Mircea Anghel in his studio.
Photo: Francisco Nogueira, Courtesy of Mircea Anghel

Designer Mircea Anghel Opens His Portugal Studio for an Exhibition of Gravity-Defying Works

On view through August 31, the exhibition features the designer's most significant furnishings and artworks, including new sculptures soon to be displayed at Dior

Mircea Anghel's workshop in Comporta, Portugal. Photo: Francisco Nogueira, Courtesy of Mircea Anghel

Among an impressive display of work currently on view at Mircea Anghel’s country campus, is a black iroko wood table more than 20 feet long. It is both heroic and insane—as much a daring sculptural experiment in balance as a piece of furniture. “It couldn’t be done in many materials,” says Anghel of the extreme length of its top, which continues unsupported and many feet onward from its structural base. “Iroko has very little movement in it, so the piece won’t ever warp. In oak? It could turn into a disaster over time.”

Born in Romania but a Portuguese resident since his mid-teens, Anghel thinks big in every way. Once home to the Herdade da Barrosinha, where rice was husked and wood was milled, the massive campus (which retains the name) is about an hour away from the capital city of Lisbon, and near to the ultra-chic seaside resort of Comporta. In total it covers a number of acres and is dotted with buildings—a school house, a saw mill, a bark-stripping shed, a number of tiny houses—which once comprised a rural community.

The saw mill itself is 16,000 square feet, and its old machinery still functions. Inside even larger bark shed, Anghel is currently hosting an exhibition of his work, opening the doors of the studio to the public for the first time.

Lose Control table by Mircea Anghel. Photo: Richard John Seymour, Courtesy of Mircea Nogueira

Inside Mircea Anghel's workshop in Comporta, Portugal Photo: Francisco Nogueira, Courtesy of Mircea Anghel

As Anghel darts around his domain in a checked shirt and dust-caked shorts, it’s hard to imagine him as the hedge-funder he once was. These days he rarely even wears shoes. “I’ve always loved mathematics,” he says. “But now I apply it to the work I do here. Every piece we create  demands a sequence of problem-solving moves.” For the Democratic table, a large and gently curved top made in the specially selected Albrizia ferruginea wood rests on a sphere composed of marble and charred wood that allows the top to tilt. Apparently unstable, it can be made static with a simple plug. “It’s all about logic and geometry,” says Anghel. “And of course it’s all about balance.”

“I’ve always loved mathematics, but now I apply it to the work I do here”

Mircea Anghel

Democracy table by Mircea Anghel. Photo: Ike Ferreira, Courtesy of Cabana Studio

Now 35, Anghel used to make furniture in the street after work, selling it for just 100 euros. His renown and prices gradually increased, and eventually he set up the design studio Cabana in 2015. Regular clients include the French architects Studio KO, who designed the Yves Saint Laurent Museum in Marrakech, London’s A-list Chiltern Firehouse Hotel, and this year’s Uzbekhistan pavilion at the Venice Biennale.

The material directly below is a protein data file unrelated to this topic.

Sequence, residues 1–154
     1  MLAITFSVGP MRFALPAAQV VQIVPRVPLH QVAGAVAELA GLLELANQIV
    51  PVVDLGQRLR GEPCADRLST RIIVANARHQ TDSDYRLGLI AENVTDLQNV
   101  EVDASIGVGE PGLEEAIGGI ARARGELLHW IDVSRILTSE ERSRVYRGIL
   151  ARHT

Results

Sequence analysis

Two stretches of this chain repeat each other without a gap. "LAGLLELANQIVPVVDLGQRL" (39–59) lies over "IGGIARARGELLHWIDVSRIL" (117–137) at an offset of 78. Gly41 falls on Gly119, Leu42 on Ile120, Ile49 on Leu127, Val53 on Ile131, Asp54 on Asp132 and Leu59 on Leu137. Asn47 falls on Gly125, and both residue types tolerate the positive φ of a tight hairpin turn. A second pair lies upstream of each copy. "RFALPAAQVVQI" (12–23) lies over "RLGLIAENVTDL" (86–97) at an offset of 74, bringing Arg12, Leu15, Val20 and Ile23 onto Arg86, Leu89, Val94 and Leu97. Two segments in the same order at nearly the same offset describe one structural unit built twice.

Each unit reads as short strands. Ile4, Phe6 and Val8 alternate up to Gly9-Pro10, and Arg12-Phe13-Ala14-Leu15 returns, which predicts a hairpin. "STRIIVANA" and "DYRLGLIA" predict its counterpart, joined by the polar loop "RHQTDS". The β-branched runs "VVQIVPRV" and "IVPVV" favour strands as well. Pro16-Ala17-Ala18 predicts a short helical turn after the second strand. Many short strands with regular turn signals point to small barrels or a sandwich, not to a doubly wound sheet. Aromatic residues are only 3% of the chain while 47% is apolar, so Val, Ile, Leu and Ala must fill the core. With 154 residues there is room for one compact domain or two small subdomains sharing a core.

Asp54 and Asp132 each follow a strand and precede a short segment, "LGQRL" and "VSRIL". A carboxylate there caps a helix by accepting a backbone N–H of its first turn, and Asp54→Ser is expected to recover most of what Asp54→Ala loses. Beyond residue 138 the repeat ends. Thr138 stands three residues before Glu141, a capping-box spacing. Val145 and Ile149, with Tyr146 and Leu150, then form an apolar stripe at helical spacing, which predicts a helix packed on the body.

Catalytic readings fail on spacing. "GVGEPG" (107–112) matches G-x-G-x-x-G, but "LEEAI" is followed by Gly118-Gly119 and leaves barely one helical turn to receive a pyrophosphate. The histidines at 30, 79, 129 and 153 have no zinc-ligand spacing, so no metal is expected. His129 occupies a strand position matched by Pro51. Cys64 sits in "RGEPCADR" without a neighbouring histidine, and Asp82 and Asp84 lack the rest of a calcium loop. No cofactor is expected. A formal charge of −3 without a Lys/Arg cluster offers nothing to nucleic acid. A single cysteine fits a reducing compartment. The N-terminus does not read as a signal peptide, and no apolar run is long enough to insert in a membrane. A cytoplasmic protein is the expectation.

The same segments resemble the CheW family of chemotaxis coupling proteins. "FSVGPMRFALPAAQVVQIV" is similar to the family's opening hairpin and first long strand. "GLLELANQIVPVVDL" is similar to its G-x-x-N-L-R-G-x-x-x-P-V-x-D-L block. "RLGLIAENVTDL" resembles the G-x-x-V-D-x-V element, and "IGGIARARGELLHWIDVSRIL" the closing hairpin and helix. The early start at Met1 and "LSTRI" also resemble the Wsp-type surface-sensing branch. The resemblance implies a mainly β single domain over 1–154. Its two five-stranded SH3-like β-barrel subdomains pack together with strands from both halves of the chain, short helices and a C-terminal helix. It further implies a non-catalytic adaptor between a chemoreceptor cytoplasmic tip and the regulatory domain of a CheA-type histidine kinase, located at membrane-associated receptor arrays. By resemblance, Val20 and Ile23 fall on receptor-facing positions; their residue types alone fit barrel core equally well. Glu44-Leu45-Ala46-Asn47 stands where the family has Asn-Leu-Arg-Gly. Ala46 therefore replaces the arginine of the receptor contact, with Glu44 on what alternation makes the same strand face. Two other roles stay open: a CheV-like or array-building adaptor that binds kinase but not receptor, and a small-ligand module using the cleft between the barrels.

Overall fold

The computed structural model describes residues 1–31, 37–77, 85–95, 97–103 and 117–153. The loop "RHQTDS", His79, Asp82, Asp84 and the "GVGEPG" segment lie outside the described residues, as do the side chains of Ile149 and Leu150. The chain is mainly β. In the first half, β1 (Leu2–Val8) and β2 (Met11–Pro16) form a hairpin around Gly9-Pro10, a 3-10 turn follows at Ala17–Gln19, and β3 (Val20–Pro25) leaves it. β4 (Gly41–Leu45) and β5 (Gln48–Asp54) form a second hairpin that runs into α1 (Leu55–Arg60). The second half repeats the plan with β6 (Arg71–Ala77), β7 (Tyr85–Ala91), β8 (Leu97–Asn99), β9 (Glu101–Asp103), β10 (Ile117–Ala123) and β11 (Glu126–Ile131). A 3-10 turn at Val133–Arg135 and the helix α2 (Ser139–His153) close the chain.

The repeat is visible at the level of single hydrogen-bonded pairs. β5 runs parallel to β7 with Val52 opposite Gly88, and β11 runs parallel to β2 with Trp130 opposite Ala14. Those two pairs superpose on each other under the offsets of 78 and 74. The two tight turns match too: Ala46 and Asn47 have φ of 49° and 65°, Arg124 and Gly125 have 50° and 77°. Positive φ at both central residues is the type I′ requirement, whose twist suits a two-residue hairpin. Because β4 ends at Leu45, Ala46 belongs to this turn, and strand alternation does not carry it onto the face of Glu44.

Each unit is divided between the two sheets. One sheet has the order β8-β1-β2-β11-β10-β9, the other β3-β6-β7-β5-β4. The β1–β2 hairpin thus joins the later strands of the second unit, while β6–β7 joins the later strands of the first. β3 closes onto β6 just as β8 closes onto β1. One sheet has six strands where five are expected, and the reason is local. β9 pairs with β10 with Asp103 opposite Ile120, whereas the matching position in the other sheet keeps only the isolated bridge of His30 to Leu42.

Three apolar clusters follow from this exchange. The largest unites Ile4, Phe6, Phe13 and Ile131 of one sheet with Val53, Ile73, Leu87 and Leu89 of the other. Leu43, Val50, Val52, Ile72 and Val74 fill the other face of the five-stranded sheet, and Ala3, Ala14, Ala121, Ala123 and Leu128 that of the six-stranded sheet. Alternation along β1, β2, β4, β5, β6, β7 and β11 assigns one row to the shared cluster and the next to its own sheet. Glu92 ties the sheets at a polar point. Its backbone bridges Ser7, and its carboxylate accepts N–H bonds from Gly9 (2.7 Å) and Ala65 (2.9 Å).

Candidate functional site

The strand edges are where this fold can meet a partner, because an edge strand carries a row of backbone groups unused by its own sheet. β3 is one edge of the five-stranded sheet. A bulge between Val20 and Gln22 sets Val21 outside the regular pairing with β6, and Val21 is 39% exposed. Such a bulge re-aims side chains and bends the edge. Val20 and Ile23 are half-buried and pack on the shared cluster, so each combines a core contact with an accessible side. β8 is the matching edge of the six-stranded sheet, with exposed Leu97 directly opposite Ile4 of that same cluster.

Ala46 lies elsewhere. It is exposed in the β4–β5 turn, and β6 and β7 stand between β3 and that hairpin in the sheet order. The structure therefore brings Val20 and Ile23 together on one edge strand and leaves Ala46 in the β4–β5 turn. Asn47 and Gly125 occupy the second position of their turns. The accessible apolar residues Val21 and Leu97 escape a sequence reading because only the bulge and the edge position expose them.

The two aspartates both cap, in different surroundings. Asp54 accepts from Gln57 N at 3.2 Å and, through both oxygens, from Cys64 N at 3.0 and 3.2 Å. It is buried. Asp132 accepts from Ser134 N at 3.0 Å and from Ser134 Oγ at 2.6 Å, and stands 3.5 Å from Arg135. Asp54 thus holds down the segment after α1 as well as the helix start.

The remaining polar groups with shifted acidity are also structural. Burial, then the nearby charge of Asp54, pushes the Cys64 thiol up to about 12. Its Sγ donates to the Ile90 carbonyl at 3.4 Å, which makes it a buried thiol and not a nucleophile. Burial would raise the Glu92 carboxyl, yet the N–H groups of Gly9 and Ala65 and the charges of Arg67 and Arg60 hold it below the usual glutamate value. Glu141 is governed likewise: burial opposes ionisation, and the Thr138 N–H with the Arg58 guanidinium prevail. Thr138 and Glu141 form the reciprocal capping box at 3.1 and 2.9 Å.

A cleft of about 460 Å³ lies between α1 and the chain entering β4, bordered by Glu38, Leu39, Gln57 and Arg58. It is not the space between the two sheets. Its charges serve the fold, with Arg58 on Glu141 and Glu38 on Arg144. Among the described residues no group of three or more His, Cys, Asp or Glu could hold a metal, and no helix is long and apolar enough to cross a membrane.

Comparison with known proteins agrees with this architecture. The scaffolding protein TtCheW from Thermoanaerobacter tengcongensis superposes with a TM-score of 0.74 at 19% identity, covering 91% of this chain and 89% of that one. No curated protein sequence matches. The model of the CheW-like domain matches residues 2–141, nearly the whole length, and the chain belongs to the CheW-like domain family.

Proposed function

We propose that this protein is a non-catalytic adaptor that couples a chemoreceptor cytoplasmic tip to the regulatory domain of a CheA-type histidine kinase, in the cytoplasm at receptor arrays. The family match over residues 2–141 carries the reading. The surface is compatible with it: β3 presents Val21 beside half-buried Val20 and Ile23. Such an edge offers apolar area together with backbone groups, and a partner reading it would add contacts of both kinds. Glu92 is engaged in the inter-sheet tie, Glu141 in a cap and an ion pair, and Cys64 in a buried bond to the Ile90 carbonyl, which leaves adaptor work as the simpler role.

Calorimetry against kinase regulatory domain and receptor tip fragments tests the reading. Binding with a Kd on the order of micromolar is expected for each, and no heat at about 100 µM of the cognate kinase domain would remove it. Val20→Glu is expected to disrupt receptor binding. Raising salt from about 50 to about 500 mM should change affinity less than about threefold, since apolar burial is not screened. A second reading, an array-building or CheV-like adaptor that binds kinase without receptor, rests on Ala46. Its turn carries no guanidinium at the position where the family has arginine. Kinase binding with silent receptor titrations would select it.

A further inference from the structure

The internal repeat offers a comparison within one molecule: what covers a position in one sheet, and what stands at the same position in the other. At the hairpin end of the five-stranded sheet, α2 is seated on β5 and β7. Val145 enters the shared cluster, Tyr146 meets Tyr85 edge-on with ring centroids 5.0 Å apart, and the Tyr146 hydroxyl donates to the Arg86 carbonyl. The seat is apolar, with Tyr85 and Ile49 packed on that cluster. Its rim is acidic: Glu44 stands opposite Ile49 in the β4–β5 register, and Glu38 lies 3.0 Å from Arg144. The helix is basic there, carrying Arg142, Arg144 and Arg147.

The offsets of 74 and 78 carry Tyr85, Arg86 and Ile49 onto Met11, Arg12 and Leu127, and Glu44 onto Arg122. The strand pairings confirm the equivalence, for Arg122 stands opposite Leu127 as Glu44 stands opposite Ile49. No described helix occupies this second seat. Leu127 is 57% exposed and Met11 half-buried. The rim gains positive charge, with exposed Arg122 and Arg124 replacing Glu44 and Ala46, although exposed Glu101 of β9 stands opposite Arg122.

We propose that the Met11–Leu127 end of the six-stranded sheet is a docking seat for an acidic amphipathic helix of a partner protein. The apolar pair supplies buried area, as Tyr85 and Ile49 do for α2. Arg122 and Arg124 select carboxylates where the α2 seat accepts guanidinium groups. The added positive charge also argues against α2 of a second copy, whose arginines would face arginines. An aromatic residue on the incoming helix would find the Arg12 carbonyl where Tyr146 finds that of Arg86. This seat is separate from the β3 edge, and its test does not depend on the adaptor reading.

Anghel points out a crystalline block of glittering white granite that he is currently fashioning into a bench for a spa that Studio KO is designing for a new hotel in Comporta. Like much of Anghel’s work, the bench is both luxurious and dangerous, its surfaces left tantalizingly rough and it’s polished seat taking up just a fraction in the middle of the huge hewn piece. “Stone is a very feminine material,” says Anghel. “It’s subtle. You have to work with it very carefully, and then you get results. It gives back.”

Mircea Anghel's workshop in Comporta, Portugal. Photo: Francisco Nogueira, Courtesy of Mircea Anghel

Pico Rosa table by Mircea Anghel. Photo: Manuel Moniz, Courtesy of Mircea Anghel

In the bark shed, alongside the gargantuan tables, are Anghel’s artworks. There are pieces made by soaking big canvas sails with resin, and allowing the winds that blow in from the ocean to dry them into exquisitely furled forms. There are others made by applying explosives to sheets of steel or copper, contorting them into thrilling shapes. “Design is restrictive,” says Anghel. “When we started working with wood, it all felt very free. But slowly we began to work to a standard. Now I like the jeopardy involved in these experimental works.”

Indeed, so does Dior, which has commissioned a series of metal sculptures for its flagship store, to open in Paris this autumn.

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Peças de Cobre by Mircea Anghel. Photo: Manuel Moniz, Courtesy of Cabana Studio

The future of the Herdade da Barrosinha is also set to grow. Currently there is a staff of 13, including the Cabana team. but Anghel envisions a site of overlapping creativity where all sort of artists and scientists will collaborate on various projects, including the all important one of water management. (Ninety percent of Portugal is currently experiencing a drought.) There is a hotel under development which will help to fund the whole operation.

Meanwhile, the public is invited to take in this expanded view of design through August 31. With vacationers flooding into Comporta for the month, the appointment book is filling up.

To visit the studio, email info@cabana.studio.

Cover: Mircea Anghel in his studio.
Photo: Francisco Nogueira, Courtesy of Mircea Anghel


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